With thanks to Gramfan
I just picked this up from the comments section and I think its worthwhile to reprint the whole text including the link right here:
It sure makes good reading and it will warm many hearts. But I’m afraid something is missing. Guess what?
I will comment later. For now I invite your comments:
I’m so proud to be an Aussie
January 21, 2007 12:00am
Article from: Sunday Herald Sun
JOHN Ilhan writes: IT’S an important time to consider what it really means to be an Australian.
Australia Day is just around the corner, allowing us to express our patriotic feelings with pride.
Australia has given me everything. It has embraced Crazy John’s and allowed it to become a successful company employing hundreds of people. I met an Australian girl from Hawthorn who became my wife and now we are a loving family of six following the recent proud birth of our son.
Of course, nationalism can also be misdirected, as the events of the first day at the Australian Open showed when the destructive side of patriotic jingoism raised its ugly head. No matter what our background, we are Australians.
The loyalty first and foremost to Australia should also be remembered by some religious leaders, including some radical Muslim leaders in Australia, who pretend to speak for the faith, but instead promote intolerance and hatred. These thankfully are in the minority, but they should respect Australian laws and not preach division and fear. If they cannot respect Australian law then they should have their citizenship revoked or not be allowed back in the country if they are living overseas.
My Muslim faith qualifies me to strongly denounce any racist and inflammatory comments made by any Muslim leaders because they perpetuate a stereotype that is unhelpful and dangerous.
I am the proud son of Turkish parents. I missed out on being born in Australia by a few years, but each day I thank my lucky stars that I came to this country. Most people came to this country to build a better life. They should be thankful and grateful to be here. Therefore immigrants must learn the Australian way of life, culture and learn the English language.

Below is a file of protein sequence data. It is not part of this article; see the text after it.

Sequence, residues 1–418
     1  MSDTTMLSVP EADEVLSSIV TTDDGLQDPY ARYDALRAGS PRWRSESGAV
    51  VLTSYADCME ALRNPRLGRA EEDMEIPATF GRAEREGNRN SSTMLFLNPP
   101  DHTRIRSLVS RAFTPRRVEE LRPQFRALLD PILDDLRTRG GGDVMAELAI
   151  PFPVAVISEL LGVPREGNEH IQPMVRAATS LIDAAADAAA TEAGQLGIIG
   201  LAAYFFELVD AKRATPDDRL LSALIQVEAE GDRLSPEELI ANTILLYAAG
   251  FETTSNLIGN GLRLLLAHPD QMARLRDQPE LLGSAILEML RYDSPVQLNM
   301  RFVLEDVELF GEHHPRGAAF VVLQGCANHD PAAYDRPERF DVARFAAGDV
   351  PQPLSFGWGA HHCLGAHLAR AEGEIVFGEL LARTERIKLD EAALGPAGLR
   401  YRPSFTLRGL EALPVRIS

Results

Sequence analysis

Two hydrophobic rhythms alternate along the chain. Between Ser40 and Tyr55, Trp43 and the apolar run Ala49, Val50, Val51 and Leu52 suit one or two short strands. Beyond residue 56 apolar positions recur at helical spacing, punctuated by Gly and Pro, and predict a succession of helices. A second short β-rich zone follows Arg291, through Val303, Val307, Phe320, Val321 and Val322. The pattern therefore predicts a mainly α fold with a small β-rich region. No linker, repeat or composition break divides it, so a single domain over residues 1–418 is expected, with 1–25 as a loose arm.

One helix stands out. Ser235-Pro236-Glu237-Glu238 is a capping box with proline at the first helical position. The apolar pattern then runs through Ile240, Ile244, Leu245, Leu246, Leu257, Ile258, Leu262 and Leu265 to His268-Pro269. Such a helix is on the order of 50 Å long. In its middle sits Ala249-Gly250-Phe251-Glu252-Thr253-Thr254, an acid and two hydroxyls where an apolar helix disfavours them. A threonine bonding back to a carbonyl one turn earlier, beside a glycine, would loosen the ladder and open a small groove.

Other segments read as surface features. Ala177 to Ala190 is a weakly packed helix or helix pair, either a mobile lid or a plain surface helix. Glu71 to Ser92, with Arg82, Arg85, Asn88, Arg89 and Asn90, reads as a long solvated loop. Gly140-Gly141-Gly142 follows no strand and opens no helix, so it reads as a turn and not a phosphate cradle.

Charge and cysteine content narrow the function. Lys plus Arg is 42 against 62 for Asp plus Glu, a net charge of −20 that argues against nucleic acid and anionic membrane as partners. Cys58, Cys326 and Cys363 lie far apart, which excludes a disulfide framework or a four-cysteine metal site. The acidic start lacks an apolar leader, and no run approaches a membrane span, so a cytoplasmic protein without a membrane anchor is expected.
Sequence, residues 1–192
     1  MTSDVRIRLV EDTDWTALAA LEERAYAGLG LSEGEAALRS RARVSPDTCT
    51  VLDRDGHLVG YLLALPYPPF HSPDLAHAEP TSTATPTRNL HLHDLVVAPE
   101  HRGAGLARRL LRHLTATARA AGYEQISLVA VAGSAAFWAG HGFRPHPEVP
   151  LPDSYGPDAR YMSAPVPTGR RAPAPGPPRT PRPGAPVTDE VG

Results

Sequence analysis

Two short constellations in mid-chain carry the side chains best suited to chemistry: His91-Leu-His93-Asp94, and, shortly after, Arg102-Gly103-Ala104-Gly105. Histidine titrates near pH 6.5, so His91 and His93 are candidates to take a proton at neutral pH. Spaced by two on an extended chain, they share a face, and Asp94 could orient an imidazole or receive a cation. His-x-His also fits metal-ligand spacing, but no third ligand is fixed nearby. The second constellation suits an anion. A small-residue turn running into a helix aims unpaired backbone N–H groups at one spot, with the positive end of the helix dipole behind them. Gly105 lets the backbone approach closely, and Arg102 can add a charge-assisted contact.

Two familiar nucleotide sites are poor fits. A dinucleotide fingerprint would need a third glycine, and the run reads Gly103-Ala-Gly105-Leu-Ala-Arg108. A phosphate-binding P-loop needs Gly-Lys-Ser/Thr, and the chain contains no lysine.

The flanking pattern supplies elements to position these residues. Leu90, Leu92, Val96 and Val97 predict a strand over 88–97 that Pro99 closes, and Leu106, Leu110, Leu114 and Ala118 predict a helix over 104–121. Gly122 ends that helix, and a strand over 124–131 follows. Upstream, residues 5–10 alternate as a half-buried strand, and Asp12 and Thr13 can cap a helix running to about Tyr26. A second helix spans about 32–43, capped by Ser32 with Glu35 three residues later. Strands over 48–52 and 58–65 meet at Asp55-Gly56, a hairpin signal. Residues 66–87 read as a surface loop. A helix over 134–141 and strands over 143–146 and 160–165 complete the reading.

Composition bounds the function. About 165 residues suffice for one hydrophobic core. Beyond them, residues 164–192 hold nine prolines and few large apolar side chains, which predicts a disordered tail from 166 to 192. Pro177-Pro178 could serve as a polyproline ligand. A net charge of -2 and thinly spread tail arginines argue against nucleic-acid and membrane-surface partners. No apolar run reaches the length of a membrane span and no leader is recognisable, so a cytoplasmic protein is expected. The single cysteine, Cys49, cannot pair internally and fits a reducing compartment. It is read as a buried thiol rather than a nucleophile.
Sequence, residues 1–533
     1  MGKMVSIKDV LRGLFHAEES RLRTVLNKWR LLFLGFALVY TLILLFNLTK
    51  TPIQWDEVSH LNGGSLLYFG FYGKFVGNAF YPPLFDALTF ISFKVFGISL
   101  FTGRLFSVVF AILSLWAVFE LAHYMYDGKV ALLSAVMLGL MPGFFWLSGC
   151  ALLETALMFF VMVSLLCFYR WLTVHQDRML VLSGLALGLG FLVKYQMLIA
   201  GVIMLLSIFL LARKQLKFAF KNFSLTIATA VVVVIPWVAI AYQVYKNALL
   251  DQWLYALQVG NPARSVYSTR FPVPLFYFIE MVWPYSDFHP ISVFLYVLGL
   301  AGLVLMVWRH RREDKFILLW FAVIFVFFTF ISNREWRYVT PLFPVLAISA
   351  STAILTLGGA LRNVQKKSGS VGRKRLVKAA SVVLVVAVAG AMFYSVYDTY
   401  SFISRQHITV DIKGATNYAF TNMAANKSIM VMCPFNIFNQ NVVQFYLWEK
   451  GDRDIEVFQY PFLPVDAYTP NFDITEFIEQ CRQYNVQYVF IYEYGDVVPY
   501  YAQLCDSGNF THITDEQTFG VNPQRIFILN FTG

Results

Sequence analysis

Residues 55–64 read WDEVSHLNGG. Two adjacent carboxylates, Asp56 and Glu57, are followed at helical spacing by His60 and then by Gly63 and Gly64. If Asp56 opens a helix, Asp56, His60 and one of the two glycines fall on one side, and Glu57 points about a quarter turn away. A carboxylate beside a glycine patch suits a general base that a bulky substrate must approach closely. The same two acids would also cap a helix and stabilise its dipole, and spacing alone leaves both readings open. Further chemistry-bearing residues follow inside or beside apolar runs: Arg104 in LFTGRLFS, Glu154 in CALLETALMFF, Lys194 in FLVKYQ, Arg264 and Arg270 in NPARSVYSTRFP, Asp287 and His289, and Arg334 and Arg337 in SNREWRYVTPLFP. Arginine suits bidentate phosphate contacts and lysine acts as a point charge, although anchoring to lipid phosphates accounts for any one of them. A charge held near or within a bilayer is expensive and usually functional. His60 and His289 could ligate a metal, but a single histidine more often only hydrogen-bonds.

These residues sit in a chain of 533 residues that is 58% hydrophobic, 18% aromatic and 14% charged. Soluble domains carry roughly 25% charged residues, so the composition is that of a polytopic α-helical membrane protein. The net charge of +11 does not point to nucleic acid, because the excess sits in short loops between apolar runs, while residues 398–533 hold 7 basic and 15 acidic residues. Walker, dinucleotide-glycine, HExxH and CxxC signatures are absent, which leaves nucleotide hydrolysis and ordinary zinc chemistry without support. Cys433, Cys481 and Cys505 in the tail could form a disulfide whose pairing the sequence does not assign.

For many Australians, the true awakening of our national identity was at Gallipoli. Each year thousands of young Australians travel to the Turkish coast to discover the sacrifices and courage shown by those young Anzacs in World War I.
In recent years there has been a growing appreciation also of the courage and determination shown by the Turkish troops in that battle.
I had relatives who fought in the First World War against the Anzacs, yet today, if there was another world war, I would fight for Australia without hesitation. I would die for this country.
I love Australia for what it stands for. It embraces opportunity, inclusion and, most important of all, mateship. What Australia has taught me is that if you give something – like the hand of friendship or provide a service that fulfils a need – you will be repaid many times over. They say that America is the “land of opportunity”, but I say Australia is. I’m a good example – a boy from Broadmeadows made good.
That is also why I am giving back to the community in the form of the llhan Food Allergy Foundation to promote research and education into food allergies that affect hundreds of thousands of Australians.
On Australia Day, I am lucky enough to be playing the role of an ambassador and will speak to a gathering of people in Melbourne about my family and what it means to be Australian. It will be a chance to celebrate with others what was the best decision my family ever made — to come to this wonderful country and the great city of Melbourne.
Australia doesn’t owe us anything – we owe Australia.
JOHN ILHAN is founder and chief executive of mobile phone chain Crazy John’s.